Friday, May 15, 2015

Lunch and the Mediterranean Diet

One thing you won't find on the menu of someone who wants to eat a Mediterranean diet is fast food - no quick burger or taco. Lunch for those who want to live this lifestyle is a celebration of great food - fresh vegetables, fruits, and olive oil. And think about it- if you want to have a great lunch, don't you want the afternoon to be doing something besides recovering from a bad burger?


Salads area a feature for lunch on the Mediterranean Diet
The focus of eating healthy is having a good basis to start.  In this case, the base is a combination of green leafy vegetables, fruits, and grains. One of the easiest ways to get that is in a salad. Why a salad? Because in a salad you can place a lot of great vegetables, grains, and you can even add some nuts, seeds, and some left overs from the night before.

With the Mediterranean Diet the emphasis is on the flavor of the vegetables, not on the salad dressing.  In the case of the Stetson salad you have grains, a bit of cheese, some protein. Now to this salad you could add some avocado pieces, or some smoked salmon. The one below is a vegetarian option, although I do like mine with a bit of smoked salmon
My favorite salad - recipe from Cowboy Ciao's in Scottsdale. Lined up left to right:
Arugula, Israeli couscous, Roma tomatoes, Corn, Asiago cheese, Toasted Pepitas, Black Currants
Salads can incorporate those dark, leafy greens like arugula (see above) some dark baby spinach, kale,  and even bok choi. Add in some other great vegetables, to provide a bit of crunch and texture and flavors to the salad.

Don't forget the grains. Having left over grains makes a great addition to the salad. Couscous is a great addition to a salad, as is quinoa. Kale is bitter so it is best accented with some grapes to provide sweetness, and when you add some quinoa for protein and cheese for a bit of that Mediterranean flare you have one balanced and delicious salad.

This salad is a great combination of shredded kale, quinoa, sunflower seeds, grapes, preserved lemon, red peppers, fresh parmesan cheese and some manchego. This salad can be found from Ingo in Phoenix.
While the original Cesar Salad sounds like it is Mediterranean, it is really from Mexico, but this Kale Cesar salad has al the ingredients of a great meal: olive oil, kale, slivered almonds, pecorino, dates, and some lemon juice. My favorite Kale Cesar salad is from Tarbell's Restaurant in Phoenix. But this one is easy to make.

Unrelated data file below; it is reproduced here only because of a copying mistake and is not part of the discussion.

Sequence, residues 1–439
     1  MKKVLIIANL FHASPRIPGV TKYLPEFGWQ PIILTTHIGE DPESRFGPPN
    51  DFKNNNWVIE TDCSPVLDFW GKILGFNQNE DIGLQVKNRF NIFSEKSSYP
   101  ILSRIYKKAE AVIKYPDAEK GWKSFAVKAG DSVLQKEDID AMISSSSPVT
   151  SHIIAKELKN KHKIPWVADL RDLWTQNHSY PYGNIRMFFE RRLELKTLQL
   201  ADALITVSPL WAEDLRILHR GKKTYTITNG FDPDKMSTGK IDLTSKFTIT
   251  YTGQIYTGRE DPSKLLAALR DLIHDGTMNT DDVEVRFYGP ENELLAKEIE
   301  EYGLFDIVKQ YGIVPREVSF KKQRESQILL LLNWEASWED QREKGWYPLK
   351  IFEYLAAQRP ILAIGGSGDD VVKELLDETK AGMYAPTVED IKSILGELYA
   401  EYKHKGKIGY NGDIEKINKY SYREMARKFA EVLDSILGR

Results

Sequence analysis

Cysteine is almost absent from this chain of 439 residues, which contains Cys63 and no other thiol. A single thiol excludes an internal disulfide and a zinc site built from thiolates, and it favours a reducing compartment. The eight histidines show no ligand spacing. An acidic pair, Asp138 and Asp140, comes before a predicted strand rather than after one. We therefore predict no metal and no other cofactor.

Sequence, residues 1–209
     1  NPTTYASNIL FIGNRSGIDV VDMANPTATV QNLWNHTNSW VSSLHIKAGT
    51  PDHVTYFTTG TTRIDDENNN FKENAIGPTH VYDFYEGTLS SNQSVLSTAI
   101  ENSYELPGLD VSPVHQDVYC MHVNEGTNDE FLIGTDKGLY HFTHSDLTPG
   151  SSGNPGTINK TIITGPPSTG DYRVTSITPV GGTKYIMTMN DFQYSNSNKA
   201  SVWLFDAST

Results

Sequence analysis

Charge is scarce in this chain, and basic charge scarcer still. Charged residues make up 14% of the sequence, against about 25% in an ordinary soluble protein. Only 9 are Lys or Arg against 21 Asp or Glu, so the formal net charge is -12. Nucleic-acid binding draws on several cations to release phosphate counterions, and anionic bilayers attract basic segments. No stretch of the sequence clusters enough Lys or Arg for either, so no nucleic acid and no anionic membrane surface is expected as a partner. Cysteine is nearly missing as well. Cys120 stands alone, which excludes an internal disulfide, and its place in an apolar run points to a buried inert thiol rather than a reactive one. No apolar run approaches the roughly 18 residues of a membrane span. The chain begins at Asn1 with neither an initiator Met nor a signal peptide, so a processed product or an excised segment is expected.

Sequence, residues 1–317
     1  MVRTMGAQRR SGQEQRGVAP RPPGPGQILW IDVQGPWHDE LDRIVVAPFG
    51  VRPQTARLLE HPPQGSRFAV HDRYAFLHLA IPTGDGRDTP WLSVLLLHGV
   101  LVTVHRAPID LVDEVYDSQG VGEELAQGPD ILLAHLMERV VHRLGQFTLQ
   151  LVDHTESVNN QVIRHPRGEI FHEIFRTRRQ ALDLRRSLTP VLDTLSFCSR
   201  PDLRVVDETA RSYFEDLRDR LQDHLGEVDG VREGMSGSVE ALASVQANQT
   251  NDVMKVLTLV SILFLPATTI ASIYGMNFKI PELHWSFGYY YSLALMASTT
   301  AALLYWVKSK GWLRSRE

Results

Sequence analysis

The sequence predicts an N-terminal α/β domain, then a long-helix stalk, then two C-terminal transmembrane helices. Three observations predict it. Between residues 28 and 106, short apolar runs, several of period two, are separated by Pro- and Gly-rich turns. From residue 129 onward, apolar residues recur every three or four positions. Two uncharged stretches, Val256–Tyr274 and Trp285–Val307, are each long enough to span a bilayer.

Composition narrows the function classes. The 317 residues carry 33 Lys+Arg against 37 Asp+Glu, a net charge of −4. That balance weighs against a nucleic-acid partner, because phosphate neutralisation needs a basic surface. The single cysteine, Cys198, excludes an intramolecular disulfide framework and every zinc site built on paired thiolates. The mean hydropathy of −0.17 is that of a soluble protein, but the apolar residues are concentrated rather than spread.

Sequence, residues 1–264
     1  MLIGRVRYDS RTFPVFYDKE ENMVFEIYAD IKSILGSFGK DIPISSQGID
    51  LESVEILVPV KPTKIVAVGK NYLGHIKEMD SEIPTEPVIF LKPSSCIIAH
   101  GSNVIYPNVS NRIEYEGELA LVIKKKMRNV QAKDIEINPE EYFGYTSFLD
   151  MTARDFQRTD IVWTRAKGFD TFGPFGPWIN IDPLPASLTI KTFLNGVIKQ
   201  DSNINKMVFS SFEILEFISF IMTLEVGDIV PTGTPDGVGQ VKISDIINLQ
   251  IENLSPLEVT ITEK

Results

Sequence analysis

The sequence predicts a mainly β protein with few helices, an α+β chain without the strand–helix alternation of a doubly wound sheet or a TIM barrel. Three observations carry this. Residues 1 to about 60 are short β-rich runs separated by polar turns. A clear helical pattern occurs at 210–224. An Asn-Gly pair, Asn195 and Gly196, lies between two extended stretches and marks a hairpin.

The other advantage of salads is you can incorporate last night's protein in them. On top of any of these salads you can put some cold salmon, some cod, or perhaps a bit of thinly sliced cold steak. But the idea of lunch is not to have it heavy with protein - but something light that will sustain you.


A hearty soup for lunch is another great choice on the Mediterranean diet. The great thing about soups is you can make them at home and portion them out in the refrigerator or freezer to keep. Then bring them to work and zap them in the microwave.

 Lentil Soup
Easy to make, and a hearty soup - Lentil provides you with a great deal of protein.
Lentil soup is one of my favorite soups. If you don't wish to go through the trouble of making it there are about ten different types you can buy in most grocery stores. But it is easy to make, then you have portions for a long time and it allows you to really enjoy a great soup.

Vegetarian Chili

This combines some of the best ingredients, layers of flavors, and yet can be made ahead of time, and easily eaten out.
Some might wonder- why a vegetarian chili? Why not use some hamburger in it, or perhaps some turkey. For the Mediterranean diet red meat is underemphasized, but there is a more practical reason. Hamburger and turkey proteins dry out as you re-heat them. Especially if you re-heat them in the microwave. Instead make a vegetarian chili- which would be filled with olive oil, onions, garlic, tomatoes, pinto and black beans, as well as a bit of chili. The idea with the Mediterranean diet is moving away from saturated fats, and into polyunsaturated and monounsaturated fats.
You can make this ahead of time, portion it out and freeze some, and have some for work. If you have it for dinner and someone really wants some meat in their chili, you can always fry some hamburger up in a skillet with onions and garlic and add it later- avoiding the problems of the proteins losing their moisture and getting more "dry" as they reheat.

No comments:

Post a Comment